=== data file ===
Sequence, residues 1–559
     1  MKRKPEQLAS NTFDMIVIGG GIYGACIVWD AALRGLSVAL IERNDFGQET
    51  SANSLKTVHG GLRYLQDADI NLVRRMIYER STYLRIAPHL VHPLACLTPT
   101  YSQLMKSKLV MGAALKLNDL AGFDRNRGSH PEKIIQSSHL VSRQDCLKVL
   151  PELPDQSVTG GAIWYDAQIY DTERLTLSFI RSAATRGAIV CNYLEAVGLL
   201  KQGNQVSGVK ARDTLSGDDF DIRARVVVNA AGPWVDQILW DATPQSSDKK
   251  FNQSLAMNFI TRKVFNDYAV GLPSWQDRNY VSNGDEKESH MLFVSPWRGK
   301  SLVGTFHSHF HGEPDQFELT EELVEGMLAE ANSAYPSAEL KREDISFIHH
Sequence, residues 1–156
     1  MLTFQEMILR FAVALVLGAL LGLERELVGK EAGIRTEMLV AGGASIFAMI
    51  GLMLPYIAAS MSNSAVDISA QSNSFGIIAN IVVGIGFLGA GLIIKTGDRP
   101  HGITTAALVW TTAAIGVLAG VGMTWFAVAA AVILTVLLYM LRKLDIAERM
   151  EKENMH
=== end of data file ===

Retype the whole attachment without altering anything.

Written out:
Sequence, residues 1–559
     1  MKRKPEQLAS NTFDMIVIGG GIYGACIVWD AALRGLSVAL IERNDFGQET
    51  SANSLKTVHG GLRYLQDADI NLVRRMIYER STYLRIAPHL VHPLACLTPT
   101  YSQLMKSKLV MGAALKLNDL AGFDRNRGSH PEKIIQSSHL VSRQDCLKVL
   151  PELPDQSVTG GAIWYDAQIY DTERLTLSFI RSAATRGAIV CNYLEAVGLL
   201  KQGNQVSGVK ARDTLSGDDF DIRARVVVNA AGPWVDQILW DATPQSSDKK
   251  FNQSLAMNFI TRKVFNDYAV GLPSWQDRNY VSNGDEKESH MLFVSPWRGK
   301  SLVGTFHSHF HGEPDQFELT EELVEGMLAE ANSAYPSAEL KREDISFIHH
Sequence, residues 1–156
     1  MLTFQEMILR FAVALVLGAL LGLERELVGK EAGIRTEMLV AGGASIFAMI
    51  GLMLPYIAAS MSNSAVDISA QSNSFGIIAN IVVGIGFLGA GLIIKTGDRP
   101  HGITTAALVW TTAAIGVLAG VGMTWFAVAA AVILTVLLYM LRKLDIAERM
   151  EKENMH